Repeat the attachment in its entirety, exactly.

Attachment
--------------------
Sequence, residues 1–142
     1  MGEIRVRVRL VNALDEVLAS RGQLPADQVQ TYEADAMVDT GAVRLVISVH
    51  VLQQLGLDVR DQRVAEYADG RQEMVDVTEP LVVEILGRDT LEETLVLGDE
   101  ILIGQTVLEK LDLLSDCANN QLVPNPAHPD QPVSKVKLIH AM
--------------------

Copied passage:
Sequence, residues 1–142
     1  MGEIRVRVRL VNALDEVLAS RGQLPADQVQ TYEADAMVDT GAVRLVISVH
    51  VLQQLGLDVR DQRVAEYADG RQEMVDVTEP LVVEILGRDT LEETLVLGDE
   101  ILIGQTVLEK LDLLSDCANN QLVPNPAHPD QPVSKVKLIH AM